Why are passwords so hard for lawyers?

That’s the question Tom Mighell poses in his latest blog post.

I haven’t given as many presentations as Tom about the need for good password practices, but I have seen the same reaction from many lawyers: “Here we go again. This is silly, no one is going to hack me. I don’t have anything worth hacking.” After the presentation, the lawyers go back to their offices and don’t change a single thing they are doing.

Such a cavalier attitude—”I’ve got nothing worth hacking” can lead to big headaches. Here’s a summary of what happened to just one unfortunate guy who did use good password practices.

This summer, hackers destroyed my entire digital life in the span of an hour. My Apple, Twitter, and Gmail passwords were all robust—seven, 10, and 19 characters, respectively, all alphanumeric, some with symbols thrown in as well—but the three accounts were linked, so once the hackers had conned their way into one, they had them all…. [T]hey used my Apple account to wipe every one of my devices, my iPhone and iPad and MacBook, deleting all my messages and documents and every picture I’d ever taken of my 18-month-old daughter.

If this is what can happen to someone using good passwords, what do you think can happen to you when you use crappy passwords?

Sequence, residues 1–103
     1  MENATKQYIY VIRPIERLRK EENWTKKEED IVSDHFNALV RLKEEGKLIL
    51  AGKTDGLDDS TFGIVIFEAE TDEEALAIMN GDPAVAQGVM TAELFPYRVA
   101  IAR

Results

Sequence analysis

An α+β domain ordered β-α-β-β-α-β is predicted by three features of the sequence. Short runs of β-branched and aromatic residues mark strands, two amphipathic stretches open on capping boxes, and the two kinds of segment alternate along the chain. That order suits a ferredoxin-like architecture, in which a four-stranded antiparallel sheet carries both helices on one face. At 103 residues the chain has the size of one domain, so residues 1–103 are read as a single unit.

If the threat of losing irreplaceable photos of your family isn’t enough to frighten you into good password practices, then how about a potential malpractice suit? I haven’t researched it, but I bet it isn’t too hard for a judge or jury to conclude that a lawyer is negligent for using an easily hackable password that leads to disclosures harmful to a client’s financial interests.

I don’t know about you, but I would not want to be the defendant in a test case like that.

Yes, good password practices can be a pain. So is locking your doors and setting an alarm. But you do it because you want to protect the things behind those doors. Passwords are your keys and alarm systems. If you use crummy ones, you’ll regret it. There are plenty of tools available (like this one or this one) to help you create and manage secure passwords. If you aren’t using one of them, you’re begging for trouble.

If you think it’s still too much trouble, good luck using that excuse with your malpractice carrier or your bar’s disciplinary authority.

Why your passwords suck, and how to fix them (pt. 2)